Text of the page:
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Milos Raonic: Learning How To Walk Again

Raonic© Bongarts/Getty ImagesRaonic reveals ones of the hardest parts of his physical therapy last year was learning how to walk again.

Milos Raonic has been on the fast track to stardom on the ATP World Tour the past two seasons, making his mark with a signature serve, equally imposing forehand and a towering presence on court.

But last year, the 21-year-old Canadian suffered a major setback during his second-round match with Gilles Muller at Wimbledon. Having retired from the match, Raonic needed surgery on his right hip, stalling his rapid rise with a two-month recovery period.

Awarded the ATP’s Newcomer of the Year at the Barclays ATP World Tour Finals last November, Raonic opted to modify his off-season training regimen, and it’s paid off this year. He blazed to a 15-2 season start en route to triumphing in Chennai, successfully defending his title in San Jose and finishing runner-up in Memphis.

Currently ranked No. 23 in the South African Airways ATP Rankings, Raonic will have a number of opportunities to break into the Top 20 during the US Open series and Olympic Games, having no points to defend thanks to his injury layoff in 2011.

As part of Compeed’s Form & Fitness series, Raonic reflects on the most difficult part of his physical therapy, how he overcame his fear of re-aggravating the hip and what he addressed in the off-season to get ready for his second full season on tour.


Compeed 

Last year, you suffered the first major injury of your pro career. What was your reaction when you first got the news about needing hip surgery?
When I realised I needed surgery, I knew it was something I could overcome quickly and would be something I would maybe have to face again in the future. It didn’t take too much thought. It was not a happy moment, but I tried to make the most of it.

What was the hardest part about physical therapy?
It was probably the bland and boring work, like learning how to walk again. It needed a lot of time and hours to be done correctly.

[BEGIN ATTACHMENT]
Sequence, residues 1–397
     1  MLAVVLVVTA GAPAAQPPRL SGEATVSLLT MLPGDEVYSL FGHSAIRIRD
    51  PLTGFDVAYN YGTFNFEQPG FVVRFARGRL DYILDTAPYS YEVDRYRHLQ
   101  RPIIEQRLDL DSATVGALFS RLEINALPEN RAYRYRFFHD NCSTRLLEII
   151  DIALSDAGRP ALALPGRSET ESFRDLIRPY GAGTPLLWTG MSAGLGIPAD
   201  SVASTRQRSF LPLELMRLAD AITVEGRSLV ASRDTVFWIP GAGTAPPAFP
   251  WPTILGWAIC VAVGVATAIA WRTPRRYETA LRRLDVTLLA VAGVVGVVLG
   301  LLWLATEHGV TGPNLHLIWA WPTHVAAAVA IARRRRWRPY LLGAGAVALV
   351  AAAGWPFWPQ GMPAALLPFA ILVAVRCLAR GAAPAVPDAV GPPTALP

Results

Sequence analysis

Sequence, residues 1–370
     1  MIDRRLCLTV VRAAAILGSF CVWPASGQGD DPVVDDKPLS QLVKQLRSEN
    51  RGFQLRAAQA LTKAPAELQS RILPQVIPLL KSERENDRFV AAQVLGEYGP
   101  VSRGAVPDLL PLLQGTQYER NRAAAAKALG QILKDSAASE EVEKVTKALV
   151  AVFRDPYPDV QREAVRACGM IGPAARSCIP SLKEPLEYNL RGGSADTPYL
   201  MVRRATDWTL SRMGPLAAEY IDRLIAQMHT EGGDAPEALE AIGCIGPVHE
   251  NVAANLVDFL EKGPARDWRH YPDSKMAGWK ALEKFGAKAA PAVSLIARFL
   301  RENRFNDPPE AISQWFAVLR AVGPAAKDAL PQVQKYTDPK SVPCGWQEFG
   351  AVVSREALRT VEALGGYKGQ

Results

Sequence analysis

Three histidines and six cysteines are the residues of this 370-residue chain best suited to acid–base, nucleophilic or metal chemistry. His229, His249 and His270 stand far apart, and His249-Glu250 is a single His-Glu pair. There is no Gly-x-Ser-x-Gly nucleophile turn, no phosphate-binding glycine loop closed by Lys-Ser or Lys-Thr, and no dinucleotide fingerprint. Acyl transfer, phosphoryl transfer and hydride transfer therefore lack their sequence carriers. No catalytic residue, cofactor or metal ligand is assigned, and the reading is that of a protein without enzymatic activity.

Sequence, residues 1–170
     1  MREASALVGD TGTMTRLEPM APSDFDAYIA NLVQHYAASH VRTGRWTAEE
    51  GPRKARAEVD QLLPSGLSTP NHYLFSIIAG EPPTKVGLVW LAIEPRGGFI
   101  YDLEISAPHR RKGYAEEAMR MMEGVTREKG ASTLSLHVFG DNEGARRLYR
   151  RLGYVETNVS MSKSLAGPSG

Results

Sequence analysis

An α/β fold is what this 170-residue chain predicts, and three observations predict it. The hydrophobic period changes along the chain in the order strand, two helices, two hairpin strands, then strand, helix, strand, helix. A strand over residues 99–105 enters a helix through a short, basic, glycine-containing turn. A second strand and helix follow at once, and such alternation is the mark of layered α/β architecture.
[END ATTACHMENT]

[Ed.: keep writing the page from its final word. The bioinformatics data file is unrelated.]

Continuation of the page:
What are some positives you took from the road back to the tour after your time away from the game?
Not to take anything for granted. And nothing matters as much as winning. If you win, you have another opportunity to play better tennis. I want to fight as hard as I can in every match.

How long did it take you to get over the fear of re-injuring the hip and what did you do to overcome this apprehension?
A lot of treatment went into stabilising my hip. I don’t think I’ve thought about it too much. I did lack speed and movement a lot at the beginning, but I think I’ve overcome that.

What advice would you give to players down the road who suffer a similar injury and recovery process?
Whatever somebody tells you to do works. And have somebody with you that you can trust and knows you well. I’m sure most of the time you can do more, as I did, and that helped me recover quickly.

In this past off-season, what did you work on most in terms of your fitness?
This past off-season, I focused more on tennis specific movements, whereas the previous off-season, I was focused on building my base and my physical abilities. This time was more specialised, working on things like agility, aerobics and anaerobic exercises. It was more specified training.

Where do you think you have stepped up the greatest fitness wise the last 12 months? And on the contrary, what area(s) are you still working to improve?
I think I’ve stayed healthy. That’s a big thing. And that’s always a goal. I’m looking to improve everything. I want to be more agile, more fit and stronger in my upper body.

What exercise or drill would you recommend a recreational fan add to his or her training program?
I’d say Fartleks. Though they are tougher than running, I think they’re a lot more fun and enjoyable than running at one speed for 30 minutes.

Which player on tour do you think...
Has the best balance?
I think Novak Djokovic and Roger Federer, especially when they are stretched out.
Has the strongest core? David Ferrer.
Has the best footwork? Roger Federer and Novak Djokovic.
Is the most flexible? Novak Djokovic.
Has the greatest muscular endurance? David Ferrer.
Is the quickest? Hard to name one. David Ferrer, Grigor Dimitrov and Bjorn Phau can all run a fast 40-metre sprint. You’d need to get out the stopwatch. 

- COMPEED is an official supplier of the ATP.

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